If we’re going to puff up our chests and be all macho about it, nobody really wants to fail at anything. You’re reading the words of a man who doesn’t have patience when I have to explain something twice — regardless of how well I articulated my point. The minute my wife challenges an opinion, I get defensive and wonder why the world is conspiring against me. When I finish a scrum ceremony with one single misaligned expectation, I grit my teeth and wish I still smoked and drank.
Good news, though. None of those scenarios describe true failure.
That’s why I feel for statements like this from Pandora CTO Tom Conrad:
“There’s this motto in our industry that says fail fast and fail often,” he stated at a recent summit. “But none of us can actually do that right? We have all kinds of constituents — employees, investors, users — they are expecting you to do smart things, not dumb things. So one of the first things I said was let’s not pretend we can just try things and some will work out and some won’t. That’s not winning, that’s losing.”
Bold words, and he should be taken seriously when there is a new app started every day trying to destroy Pandora. Yet, there they still are. To this day, my wife still prefers them to Spotify, iTunes Radio, Slacker, or any other usurper. Problem is, I would argue his words amount to little more than posturing for the press. Like any other successful company in the tech industry, Pandora could make a list a mile long of missteps along the way to fame. I could point to the ever-evolving algorithm, as point one.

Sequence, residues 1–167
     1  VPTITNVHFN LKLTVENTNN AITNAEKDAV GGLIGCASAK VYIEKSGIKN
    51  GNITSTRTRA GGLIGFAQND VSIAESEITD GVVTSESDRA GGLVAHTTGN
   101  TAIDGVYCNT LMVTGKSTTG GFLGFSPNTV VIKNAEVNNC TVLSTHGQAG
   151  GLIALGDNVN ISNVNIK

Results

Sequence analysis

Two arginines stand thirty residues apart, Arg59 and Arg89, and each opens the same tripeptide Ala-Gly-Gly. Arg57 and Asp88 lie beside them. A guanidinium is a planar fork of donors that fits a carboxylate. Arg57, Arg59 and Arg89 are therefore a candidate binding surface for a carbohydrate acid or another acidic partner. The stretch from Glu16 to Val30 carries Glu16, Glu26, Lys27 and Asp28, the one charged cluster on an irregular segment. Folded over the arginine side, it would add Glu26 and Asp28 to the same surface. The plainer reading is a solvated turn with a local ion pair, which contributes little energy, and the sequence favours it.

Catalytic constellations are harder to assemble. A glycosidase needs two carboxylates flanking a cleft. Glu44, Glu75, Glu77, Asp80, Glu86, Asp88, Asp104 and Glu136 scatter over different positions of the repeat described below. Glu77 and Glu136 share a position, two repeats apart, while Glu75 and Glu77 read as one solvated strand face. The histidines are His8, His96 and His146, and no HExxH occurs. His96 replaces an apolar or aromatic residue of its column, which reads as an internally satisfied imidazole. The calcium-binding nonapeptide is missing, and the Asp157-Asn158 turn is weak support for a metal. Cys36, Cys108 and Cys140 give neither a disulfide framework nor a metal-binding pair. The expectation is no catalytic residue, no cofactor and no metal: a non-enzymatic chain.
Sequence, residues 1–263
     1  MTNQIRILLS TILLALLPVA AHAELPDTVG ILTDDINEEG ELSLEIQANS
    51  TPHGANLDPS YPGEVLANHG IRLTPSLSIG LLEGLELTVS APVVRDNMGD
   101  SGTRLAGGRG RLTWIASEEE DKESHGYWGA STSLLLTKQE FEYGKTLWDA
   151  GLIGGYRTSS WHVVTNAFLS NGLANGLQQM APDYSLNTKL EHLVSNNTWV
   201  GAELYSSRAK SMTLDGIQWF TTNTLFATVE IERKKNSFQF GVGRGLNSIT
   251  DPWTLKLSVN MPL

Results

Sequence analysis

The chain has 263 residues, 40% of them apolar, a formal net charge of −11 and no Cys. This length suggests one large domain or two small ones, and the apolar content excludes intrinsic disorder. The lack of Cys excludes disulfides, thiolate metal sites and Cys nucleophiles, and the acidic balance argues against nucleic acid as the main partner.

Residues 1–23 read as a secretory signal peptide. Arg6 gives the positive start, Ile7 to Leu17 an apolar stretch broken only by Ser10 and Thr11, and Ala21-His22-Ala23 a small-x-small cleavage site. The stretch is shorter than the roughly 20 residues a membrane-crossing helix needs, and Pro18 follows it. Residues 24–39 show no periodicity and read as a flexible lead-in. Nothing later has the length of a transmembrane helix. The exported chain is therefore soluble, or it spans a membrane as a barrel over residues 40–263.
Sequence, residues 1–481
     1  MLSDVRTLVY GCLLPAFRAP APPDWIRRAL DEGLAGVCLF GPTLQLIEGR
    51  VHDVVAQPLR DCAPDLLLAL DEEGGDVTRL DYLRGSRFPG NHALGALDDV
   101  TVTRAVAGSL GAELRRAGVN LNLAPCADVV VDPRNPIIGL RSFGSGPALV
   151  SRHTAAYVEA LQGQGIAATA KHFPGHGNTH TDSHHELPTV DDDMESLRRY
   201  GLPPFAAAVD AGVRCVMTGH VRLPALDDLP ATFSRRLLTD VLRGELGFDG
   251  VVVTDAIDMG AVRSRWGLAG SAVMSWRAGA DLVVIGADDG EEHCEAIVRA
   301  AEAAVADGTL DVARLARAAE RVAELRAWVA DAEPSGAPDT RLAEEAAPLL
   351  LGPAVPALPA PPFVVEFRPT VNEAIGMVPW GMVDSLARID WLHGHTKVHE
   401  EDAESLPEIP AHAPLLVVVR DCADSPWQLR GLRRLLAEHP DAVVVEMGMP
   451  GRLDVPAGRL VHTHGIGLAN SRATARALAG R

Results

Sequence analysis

Without knowing him personally, or witnessed this statement live, I can only speculate what he meant. If we leveled our understanding of the word “failure”, I think he would say the same thing agile coaches state every day:
There’s nothing wrong with failing.
Maybe you hear the latest single from Arcade Fire too often. The button you added for Google authentication probably wasn’t placed in the right place. Perhaps iPhone users want all sounds muted when they flip the switch, that means you too videos. Those are all pieces of failure.
This applies to technical requirements, interpersonal relationship management, business behavior, and so on. What Pandora is thankful for is the fact that they have learned from little failures every day to stay on their lofty perch. Yes, the brand doesn’t quite have the punch it used to, but many leaders in Silicon Valley will tell you that staying alive is winning. Conrad may see “failing fast” as losing, but I would take the opportunity to pivot over shutting my doors any day.
Stop being afraid of putting your failures out there. Your peers will see your transparency and respect the fact that you are growing and learning through them. Those are the people I want to work with — and who’s products I really want to use.